1. The Group welcomes the decision of the General Assembly in 2013 to instruct the CDIP to make recommendations on the implementation of the coordination mechanism and the third pillar of the mandate of this Committee. The African Group welcomes the opportunity to conduct consultations in order to ensure that all of WIPO Committees report on their contribution to the achievement of the Development Agenda, and that such reports are substantial and analytical. In addition, the Group reiterates its support for the proposal of the DAG to include a new item on the agenda of the CDIP, entitled "Intellectual Property and Development."

    1. The Group recalls that the issue of WIPO's contribution to the achievement of the Millennium Development Goals, is a priority for the Group. The documents that have been presented so far on this issue should be revised and amended so as to have a substantial analysis of the contribution of WIPO to achieve the UN goals for development. This analysis should be conducted jointly by the Secretariat and Member States, which should create a forum of discussion devoted exclusively to this matter as well as the issue of the participation of WIPO to the post 2015 Development Agenda discussions.

    1. The Group expresses its desire to advance the discussions substantially on the issue of technical assistance in the area of cooperation for development. The Group believes that the Committee should be more ambitious in adopting recommendations that will have a real and continuous impact on the way that technical assistance activities are provided to our countries. The Joint Proposal of African Group and DAG should be the basis of our discussions on this matter.

    1. Finally, the Group welcomes the holding of the Second Annual Conference on South- South cooperation and IP. The Group attaches great importance to this issue due to the fact that several developing countries have successful experiences in the establishing national IP system oriented and focused on the economic, social and cultural development. Therefore, the Group emphasizes the importance of carrying out all the activities designed in the project on South-South cooperation and IP that will enable WIPO to be a catalyst in this regard.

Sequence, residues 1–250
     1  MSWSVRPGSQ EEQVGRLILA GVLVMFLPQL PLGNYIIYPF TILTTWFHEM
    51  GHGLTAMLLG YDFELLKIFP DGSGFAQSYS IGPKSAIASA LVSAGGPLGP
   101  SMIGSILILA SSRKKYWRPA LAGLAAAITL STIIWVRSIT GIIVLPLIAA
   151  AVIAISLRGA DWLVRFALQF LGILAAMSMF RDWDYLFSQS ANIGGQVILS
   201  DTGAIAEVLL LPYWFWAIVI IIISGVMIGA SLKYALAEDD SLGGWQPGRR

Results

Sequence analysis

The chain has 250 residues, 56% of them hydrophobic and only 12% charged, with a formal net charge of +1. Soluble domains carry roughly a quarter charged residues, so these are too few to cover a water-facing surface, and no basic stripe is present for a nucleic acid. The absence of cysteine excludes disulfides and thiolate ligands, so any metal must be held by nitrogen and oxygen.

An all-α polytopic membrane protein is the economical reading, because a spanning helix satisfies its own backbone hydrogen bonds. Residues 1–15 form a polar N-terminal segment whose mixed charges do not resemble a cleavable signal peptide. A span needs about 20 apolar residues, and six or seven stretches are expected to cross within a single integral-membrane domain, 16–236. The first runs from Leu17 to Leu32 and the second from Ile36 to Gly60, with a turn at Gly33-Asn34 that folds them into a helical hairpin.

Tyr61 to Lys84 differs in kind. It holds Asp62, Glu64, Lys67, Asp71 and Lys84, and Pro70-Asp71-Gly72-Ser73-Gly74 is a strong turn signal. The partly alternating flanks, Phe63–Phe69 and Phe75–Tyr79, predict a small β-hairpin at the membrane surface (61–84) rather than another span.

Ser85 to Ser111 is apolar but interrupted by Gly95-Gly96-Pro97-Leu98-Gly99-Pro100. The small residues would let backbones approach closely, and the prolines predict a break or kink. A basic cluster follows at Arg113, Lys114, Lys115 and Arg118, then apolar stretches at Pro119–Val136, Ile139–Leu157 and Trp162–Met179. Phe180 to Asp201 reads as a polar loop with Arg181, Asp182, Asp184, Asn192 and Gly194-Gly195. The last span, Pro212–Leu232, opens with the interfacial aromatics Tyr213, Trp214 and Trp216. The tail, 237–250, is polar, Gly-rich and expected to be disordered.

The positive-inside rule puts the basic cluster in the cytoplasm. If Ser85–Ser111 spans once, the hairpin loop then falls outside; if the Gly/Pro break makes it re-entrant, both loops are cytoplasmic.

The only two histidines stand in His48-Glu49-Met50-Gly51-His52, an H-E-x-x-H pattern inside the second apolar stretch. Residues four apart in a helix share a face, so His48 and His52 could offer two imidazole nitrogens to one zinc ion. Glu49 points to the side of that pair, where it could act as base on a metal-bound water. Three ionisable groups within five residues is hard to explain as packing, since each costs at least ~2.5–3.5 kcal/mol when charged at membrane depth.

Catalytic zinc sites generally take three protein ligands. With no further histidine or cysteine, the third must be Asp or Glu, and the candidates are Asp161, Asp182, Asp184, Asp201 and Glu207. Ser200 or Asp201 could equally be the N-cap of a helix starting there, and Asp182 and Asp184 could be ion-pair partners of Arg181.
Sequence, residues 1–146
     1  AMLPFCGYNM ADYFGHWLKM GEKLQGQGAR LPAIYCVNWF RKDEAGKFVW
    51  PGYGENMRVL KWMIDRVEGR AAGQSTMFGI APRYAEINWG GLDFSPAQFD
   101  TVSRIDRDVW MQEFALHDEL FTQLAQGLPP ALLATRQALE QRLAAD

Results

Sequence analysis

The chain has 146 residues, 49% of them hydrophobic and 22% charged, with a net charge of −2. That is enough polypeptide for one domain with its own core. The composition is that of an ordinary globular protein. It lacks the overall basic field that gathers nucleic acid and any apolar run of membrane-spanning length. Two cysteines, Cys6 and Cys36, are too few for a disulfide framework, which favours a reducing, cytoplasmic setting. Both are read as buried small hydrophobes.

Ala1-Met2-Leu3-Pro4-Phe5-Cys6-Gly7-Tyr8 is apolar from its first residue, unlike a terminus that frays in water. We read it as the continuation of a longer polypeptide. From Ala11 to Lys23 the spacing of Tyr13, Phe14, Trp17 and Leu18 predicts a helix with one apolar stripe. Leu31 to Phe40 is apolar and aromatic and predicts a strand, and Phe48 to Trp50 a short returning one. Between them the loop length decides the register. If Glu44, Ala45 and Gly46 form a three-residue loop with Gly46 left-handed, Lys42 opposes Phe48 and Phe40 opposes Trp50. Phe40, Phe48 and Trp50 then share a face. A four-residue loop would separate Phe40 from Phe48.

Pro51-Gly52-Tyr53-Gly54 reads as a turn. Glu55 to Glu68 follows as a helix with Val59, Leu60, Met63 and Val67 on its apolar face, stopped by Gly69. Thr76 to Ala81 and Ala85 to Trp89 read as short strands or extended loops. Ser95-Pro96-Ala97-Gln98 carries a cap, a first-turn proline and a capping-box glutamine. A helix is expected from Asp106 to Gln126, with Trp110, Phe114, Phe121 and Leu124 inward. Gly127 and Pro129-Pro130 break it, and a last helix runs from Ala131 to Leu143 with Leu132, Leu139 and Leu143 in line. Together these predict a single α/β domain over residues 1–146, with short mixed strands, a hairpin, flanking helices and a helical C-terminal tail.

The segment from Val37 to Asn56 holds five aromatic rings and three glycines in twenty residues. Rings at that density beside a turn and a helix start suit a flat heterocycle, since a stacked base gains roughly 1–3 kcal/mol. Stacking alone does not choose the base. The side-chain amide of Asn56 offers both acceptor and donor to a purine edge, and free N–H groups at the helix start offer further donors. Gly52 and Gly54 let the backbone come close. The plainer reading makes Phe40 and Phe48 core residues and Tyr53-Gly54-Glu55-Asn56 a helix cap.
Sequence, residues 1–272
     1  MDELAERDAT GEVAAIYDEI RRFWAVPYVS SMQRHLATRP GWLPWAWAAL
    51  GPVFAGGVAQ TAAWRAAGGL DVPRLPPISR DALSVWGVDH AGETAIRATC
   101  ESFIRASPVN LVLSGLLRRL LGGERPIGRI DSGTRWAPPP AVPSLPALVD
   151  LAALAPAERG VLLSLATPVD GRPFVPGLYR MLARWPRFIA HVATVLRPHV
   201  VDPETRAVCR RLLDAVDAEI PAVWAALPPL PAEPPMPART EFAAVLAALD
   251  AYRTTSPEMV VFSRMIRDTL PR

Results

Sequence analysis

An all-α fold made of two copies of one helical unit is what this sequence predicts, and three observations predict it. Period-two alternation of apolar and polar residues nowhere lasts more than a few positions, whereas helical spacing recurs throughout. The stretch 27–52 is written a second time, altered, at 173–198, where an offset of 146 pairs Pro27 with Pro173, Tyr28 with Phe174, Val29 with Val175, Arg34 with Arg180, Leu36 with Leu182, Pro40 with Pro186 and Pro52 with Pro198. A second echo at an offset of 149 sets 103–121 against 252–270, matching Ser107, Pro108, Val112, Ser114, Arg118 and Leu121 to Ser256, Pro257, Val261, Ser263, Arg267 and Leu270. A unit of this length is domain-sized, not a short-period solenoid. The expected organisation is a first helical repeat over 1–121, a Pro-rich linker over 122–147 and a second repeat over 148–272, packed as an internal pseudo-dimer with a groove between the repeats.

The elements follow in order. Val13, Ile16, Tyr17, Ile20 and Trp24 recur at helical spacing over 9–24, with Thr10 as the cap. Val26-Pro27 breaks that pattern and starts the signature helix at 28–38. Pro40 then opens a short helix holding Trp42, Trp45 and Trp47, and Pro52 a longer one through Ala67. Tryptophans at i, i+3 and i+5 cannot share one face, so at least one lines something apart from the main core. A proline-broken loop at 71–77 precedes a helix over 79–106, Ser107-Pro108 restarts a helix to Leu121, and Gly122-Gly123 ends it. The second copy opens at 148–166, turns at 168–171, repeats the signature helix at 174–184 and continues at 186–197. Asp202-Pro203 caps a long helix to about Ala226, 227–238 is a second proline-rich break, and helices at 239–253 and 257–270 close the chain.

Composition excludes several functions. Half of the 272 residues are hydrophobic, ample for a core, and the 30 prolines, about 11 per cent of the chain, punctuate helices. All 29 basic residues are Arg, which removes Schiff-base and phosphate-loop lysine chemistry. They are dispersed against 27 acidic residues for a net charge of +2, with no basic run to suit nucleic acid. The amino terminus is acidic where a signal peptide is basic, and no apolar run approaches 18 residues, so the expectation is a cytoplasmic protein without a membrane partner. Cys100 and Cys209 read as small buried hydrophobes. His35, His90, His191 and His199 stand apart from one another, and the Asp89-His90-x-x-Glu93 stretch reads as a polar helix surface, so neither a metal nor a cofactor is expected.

“In conclusion and to ensure the success of our work, the Group believes that commitment in good faith, the spirit of compromise and the will to move forward are needed. The African Group will continue to show this spirit throughout our work.”

    581 The Delegation of Bangladesh, on behalf of the Asia-Pacific Group, submitted the following written statement:
    “We have a rather over-loaded agenda with a day less in number. On the back of it, we will have to deal with unresolved items from the last GA during the same days. Consequently, we would request the Member States to show utmost flexibility and reason so that we can do justice to the agenda items before us. We have progress reports for various important ongoing projects approved by the CDIP for the implementation of the DA recommendations. We also have evaluation reports on the projects on 'Capacity Building in the Use of Appropriate Technology’ (CDIP/12/3) and the project on 'Enhancement of WIPO's Results Based Management (RBM) Framework to Support the Monitoring and Evaluation of Development Activities' (CDIP/12/4). These two evaluations are extremely important to continue with our future endeavour regarding the implementation of the Development Agenda as a whole and using patented technology for the benefit of the LDCs in particular. Then we have further 19 recommendations of the Development Agenda that were identified for implementation through the regular work programme of the Secretariat. Since we have Member States in our group that may hold divergent views on some issues and items, our Members will be constructively engaged at the time of discussion of the respective agenda items. Now, I would like to mention some general issues of interest of the agenda.
    “Remembering that CDIP being a permanent committee mandated by GA to discuss issues of IP and development, we are concerned at the lack of proper implementation of all the three pillars of the mandate of CDIP. It may be mentioned that the underlying principles and beliefs that made the Member States to come up with the idea of the Development Agenda in 2007, were that, IP and innovation were beneficial as tools for enhancing economic growth and social development according to specific needs and situations of a country. Likewise, the Member States of Asia Pacific group would like to see the establishment of a regular opportunity to discuss the issue of 'IP and Development' at the CDIP on general terms in addition to the existing focused project and recommendation based discussion.
    “Coordination mechanism was unanimously agreed to by all the Member States to enhance better and effective coordination among different WIPO committees in the field of development activities. In this context, we would like to mention it again that the decision on the coordination mechanism has not yet been settled with respect to the PBC and the CWS, which are very important Committees for realization of DA goals.
    “The Asia Pacific Group is ready to be engaged as a group and by the individual Member States in the deliberations on important items like 'Independent Review of the Implementation of the Development Agenda Recommendations' (CDIP/11/8), 'External Review of WIPO’s Technical Assistance in the Area of Cooperation for Development', the 'Measurement of the Millennium Development Goals (MDGs) in other United Nations agencies and the contribution of WIPO to the MDGs' (CDIP/12/8) etc. The group looks forward to discuss on the study on the feasibility of integrating MDGs related needs and outcomes into the WIPO biennial results framework and identifying specific indicators to measure WIPO’s contribution to the MDGs.